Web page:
Closure of Crater Lake camps for bear issues altered camping patterns
Camping restrictions at and around Crater Lake effectively ended conflicts between humans and bears this summer, but they also spread wear and tear in the backcountry, according to a Forest Service official.
The Forest Service closed 11 campsites at Crater Lake in the shadow of the Maroon Bells in August after at least six incidents in which bears tried to snag unattended food over one weekend.
The White River National Forest also approved a special order that required campers in the West Maroon Valley and Minnehaha Gulch to store food and trash in bear-resistant canisters.
Backpackers who couldn’t comply with the requirements have adjusted their plans and camped in greater numbers elsewhere in the Maroon Bells-Snowmass Wilderness, according to Andrew Larson, lead wilderness ranger with the Aspen-Sopris Ranger District.
More backpackers than usual popped over West Maroon Pass and camped south of the summit, Larson said. They were often backpackers who were early in a clockwise trek around the famed Four Pass Loop, he said.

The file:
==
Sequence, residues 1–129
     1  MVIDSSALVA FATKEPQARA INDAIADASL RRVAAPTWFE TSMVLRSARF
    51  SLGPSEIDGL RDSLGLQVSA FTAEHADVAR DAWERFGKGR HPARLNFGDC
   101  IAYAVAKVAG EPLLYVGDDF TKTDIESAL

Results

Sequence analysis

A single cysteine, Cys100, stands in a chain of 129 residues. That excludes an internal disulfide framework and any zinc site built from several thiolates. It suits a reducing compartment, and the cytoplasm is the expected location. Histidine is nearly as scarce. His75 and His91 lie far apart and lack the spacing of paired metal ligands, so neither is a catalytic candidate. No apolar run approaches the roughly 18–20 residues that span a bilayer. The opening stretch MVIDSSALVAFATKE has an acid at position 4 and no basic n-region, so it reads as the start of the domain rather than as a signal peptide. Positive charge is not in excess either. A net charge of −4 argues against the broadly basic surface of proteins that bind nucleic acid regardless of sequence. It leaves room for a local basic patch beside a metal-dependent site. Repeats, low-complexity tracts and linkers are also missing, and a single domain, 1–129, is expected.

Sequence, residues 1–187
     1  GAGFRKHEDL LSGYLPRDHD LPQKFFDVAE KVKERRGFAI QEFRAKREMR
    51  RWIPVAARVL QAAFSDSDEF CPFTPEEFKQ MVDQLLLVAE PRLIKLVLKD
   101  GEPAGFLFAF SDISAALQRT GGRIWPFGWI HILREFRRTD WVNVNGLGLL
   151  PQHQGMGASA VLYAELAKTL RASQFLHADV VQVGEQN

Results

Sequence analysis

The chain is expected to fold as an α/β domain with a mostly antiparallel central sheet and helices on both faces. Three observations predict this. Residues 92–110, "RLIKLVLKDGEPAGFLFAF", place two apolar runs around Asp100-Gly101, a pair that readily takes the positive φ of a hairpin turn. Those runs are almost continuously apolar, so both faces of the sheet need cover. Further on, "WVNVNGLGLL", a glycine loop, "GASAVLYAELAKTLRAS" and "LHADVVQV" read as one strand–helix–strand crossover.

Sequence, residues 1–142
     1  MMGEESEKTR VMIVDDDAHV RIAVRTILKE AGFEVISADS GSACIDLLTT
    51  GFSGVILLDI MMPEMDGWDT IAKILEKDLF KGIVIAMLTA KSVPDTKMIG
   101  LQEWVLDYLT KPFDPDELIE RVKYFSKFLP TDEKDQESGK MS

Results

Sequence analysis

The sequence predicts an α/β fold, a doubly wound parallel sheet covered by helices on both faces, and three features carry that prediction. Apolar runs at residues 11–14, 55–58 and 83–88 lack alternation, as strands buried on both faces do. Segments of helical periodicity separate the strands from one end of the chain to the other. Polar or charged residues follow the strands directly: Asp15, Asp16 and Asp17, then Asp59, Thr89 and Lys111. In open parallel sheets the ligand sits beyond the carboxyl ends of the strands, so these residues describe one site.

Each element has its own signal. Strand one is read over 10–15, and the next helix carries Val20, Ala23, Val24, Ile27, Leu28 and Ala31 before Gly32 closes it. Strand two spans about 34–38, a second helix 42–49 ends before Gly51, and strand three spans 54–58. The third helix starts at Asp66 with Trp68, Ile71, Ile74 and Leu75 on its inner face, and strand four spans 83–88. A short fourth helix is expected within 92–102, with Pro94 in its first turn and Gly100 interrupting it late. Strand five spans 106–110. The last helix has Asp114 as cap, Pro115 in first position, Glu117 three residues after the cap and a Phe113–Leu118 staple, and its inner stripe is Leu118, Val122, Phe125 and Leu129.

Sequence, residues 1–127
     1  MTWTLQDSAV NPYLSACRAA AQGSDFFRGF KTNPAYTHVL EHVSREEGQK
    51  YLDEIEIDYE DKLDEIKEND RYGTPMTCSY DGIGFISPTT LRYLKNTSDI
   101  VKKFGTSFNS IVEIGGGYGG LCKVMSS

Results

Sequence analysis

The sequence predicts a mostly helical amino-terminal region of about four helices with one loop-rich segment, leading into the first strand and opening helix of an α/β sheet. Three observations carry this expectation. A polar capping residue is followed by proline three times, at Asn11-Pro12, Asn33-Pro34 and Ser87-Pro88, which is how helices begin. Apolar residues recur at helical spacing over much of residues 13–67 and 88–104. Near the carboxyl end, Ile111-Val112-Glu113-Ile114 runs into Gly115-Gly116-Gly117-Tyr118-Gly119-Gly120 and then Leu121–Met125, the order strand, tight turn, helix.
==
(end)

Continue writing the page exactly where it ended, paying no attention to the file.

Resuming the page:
Similarly, backpackers traveling the loop counterclockwise popped over Buckskin Pass and camped there in larger numbers than previously seen, he said.
Less ambitious backpackers who intended to make Crater Lake their destination often opted for Willow Lake, a high-elevation beauty that requires a short but strenuous hike up Willow Pass.
Larson said the increased camping at those three areas brought some environmental degradation, such as all available wood scavenged for campfires and other wear and tear. He said Forest Service officials realized campers would be pushed in greater numbers to other areas when the Crater Lake campsites were closed and canisters were required in the areas more easily accessible from the Maroon Lake trailhead.
“It was just sort of collateral damage,” he lamented.
The actions were necessary because of the threat of a bear harming a person camping at the Crater Lake area, he said.
The Aspen-Sopris Ranger District is starting discussions on whether or not to expand the requirement for bear-resistant canisters.
“We don’t want to solve it piecemeal,” Larson said.
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